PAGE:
<<Back to News & Events Summary
George Ranieri Voted “Tops Award” for 2012-13
Providence, RI (4/21/2012): George Ranieri, a fan favorite whose blistering wrist shot from left wing earned him 111 goals in five seasons with the Rhode Island Reds, has been voted by the R. I. Reds Heritage Society as recipient of the 2012-13 “Tops Award” – one that honors the late and great Zellio Toppazzini, Reds “Player of the Century.”
Ranieri will be honored at the organization’s 12th annual reunion at Goddard State Park in Warwick on Sunday, August 5.
Criteria for the “Tops Award” are set with high standards. To be considered, an individual must have been with the club for at least five years (about 10% of the Reds’ 51 years); must have achieved outstanding performance in his Reds’ association; must have shown himself as a leader, and must have established himself as a good-will ambassador for the Reds through involvement in local residency and outstanding service to the community.
In the judgment of the R. I. Reds Heritage Society’s board of directors, George has excelled in all those categories and truly deserves recognition as one of the great representatives ever to wear the proud colors of the team --- red, white and black. George embodies all of these award conditions,” said Buster Clegg, president of the Society. “Topper would be proud of our selection of George.”
The Reds first took note of George’s abilities after he recorded two sensational seasons in the International and Eastern Hockey Leagues. In 1958-59 with Louisville he led the IHL in goals (60) and total points (124). The following year with the N. Y. Rovers in the EHL he planted 35 goals and 80 points.
Joining the Reds for his rookie year in 1960-61, George did not disappoint fans in any way. He became one of the American Hockey League’s most productive young offensive players, netting 30 goals and 41 assists for 71 points in 72 games. For the next two seasons he scored 21 each year, helping the Reds to gain playoff berths in both years.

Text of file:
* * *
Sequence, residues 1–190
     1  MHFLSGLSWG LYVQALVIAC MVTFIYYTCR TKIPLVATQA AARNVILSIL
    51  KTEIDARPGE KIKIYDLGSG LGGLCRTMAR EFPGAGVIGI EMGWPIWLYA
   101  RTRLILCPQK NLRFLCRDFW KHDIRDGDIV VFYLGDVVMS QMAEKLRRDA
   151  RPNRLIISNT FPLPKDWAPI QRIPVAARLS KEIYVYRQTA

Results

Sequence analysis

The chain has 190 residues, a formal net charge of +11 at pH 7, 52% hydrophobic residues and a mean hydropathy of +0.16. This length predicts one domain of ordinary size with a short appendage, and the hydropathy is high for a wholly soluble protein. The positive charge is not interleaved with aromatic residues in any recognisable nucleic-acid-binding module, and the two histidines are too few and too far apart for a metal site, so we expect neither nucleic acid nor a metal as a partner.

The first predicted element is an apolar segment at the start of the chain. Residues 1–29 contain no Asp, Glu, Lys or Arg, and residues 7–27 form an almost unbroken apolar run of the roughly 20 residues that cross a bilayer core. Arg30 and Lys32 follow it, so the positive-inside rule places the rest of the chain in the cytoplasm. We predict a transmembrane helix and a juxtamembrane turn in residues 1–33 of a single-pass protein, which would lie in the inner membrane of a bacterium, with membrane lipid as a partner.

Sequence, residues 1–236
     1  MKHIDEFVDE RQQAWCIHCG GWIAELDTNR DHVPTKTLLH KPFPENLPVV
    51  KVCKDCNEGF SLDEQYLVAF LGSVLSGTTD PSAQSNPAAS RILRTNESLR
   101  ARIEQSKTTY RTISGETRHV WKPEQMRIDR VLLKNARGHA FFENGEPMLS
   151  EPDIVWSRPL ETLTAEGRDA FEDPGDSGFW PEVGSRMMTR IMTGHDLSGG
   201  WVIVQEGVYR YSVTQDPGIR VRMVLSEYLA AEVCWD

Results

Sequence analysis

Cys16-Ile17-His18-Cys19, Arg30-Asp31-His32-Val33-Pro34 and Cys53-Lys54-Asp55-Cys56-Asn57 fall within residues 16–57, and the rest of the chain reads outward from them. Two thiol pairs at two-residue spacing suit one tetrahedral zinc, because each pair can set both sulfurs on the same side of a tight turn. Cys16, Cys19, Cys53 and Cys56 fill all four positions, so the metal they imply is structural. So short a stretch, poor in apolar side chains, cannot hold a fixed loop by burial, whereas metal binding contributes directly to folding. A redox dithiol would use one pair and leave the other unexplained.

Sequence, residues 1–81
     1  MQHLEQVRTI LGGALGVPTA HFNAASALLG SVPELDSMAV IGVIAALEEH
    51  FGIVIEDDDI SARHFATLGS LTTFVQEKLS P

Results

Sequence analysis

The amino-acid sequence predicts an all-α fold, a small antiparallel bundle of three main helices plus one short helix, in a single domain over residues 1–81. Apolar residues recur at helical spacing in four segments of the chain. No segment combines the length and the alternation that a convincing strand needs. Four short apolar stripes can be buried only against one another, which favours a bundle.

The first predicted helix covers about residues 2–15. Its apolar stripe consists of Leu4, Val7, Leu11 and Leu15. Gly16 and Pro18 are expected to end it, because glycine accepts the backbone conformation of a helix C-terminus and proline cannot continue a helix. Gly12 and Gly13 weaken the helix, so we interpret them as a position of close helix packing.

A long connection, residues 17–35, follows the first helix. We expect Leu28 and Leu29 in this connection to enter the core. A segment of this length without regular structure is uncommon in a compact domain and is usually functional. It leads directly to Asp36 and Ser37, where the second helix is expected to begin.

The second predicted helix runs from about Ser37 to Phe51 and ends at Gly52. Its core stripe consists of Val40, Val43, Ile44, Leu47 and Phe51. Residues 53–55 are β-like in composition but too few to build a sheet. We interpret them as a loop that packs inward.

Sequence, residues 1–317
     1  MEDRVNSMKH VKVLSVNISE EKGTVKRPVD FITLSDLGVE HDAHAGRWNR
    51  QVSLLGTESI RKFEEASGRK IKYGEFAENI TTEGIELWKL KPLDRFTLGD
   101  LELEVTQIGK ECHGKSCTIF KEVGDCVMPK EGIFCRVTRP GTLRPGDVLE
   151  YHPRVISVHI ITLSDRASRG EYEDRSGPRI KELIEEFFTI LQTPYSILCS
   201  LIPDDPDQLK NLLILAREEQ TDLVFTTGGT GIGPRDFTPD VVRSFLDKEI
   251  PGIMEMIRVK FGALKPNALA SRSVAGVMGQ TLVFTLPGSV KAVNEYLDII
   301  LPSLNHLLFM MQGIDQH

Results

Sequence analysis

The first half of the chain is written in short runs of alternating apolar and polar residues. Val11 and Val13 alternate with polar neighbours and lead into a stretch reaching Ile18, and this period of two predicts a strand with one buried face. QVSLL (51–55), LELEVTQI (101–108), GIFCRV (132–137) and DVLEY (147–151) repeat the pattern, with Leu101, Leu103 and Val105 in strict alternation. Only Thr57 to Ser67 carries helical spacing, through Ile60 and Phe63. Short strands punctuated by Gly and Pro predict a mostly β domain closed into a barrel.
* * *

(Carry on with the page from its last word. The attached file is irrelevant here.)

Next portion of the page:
Well on his way to another great season in 1963-64 – already having netted 20 goals in just 54 games - one fateful night at Springfield in February 1964 George sustained a horrific head injury that nearly took his life. In those days players did not wear helmets and in a collision with a Springfield foe George flipped backwards and landed with full force and body weight on the back of his head.
Transported by ambulance from a Springfield hospital to The Miriam Hospital in Providence, George laid in intensive care for three weeks before surgeons were able to remove a massive blood clot from his brain. In all, he spent seven weeks in the hospital before being discharged. For his first outings he demanded to watch his teammates – including Ed MacQueen, Harry Ottenbreit, Matt Ravlich and Ross Brooks - play out the 1963-64 season at the old R. I. Auditorium.
George had always been respected for his mental and physical determination. So defying all odds and reason, he returned to the Reds the very next season (1964-65) and surprised everyone by scoring 18 goals in 61 games.
But that was it for pro hockey and George Ranieri. During the summer of 1965, at age just 29, he received a lucrative offer to join the sales team at the Molson Brewing Company in Canada. “They made me an offer I couldn’t refuse and hired a guy with three holes in his head to help sell their beer,” George quips with his customary sense of good-will humor.
Since retiring from playing hockey, George Ranieri has spent many hours and years donating his time, talents and affable personality to community projects. They include Molson Oldtimers’ Hockey Charity Games, the Toronto Italians’ Oldtimers’ Hockey Charity Games, and he has been part of the Dundas Oldtimers’ fund-raising support for minor hockey. He also coached the Dundas Merchants Intermediate A team to a championship.
Even today he skates every year with his grandsons’ hockey teams when it’s Fathers Day. “I also coached our local Police Department’s Oldtimers for 10 years.” Then he quickly follows with a playful wink, “I never ever got a traffic ticket during all those years.”
In a more serious moment he confesses, “Rhode Island was the best place I ever played.” His fond attachment still remains for Rhode Island hockey fans, the Reds’ team and teammates and the old R. I. Auditorium.
For further information call 401-230-5905 or e-mail RIREDS15@gmail.com.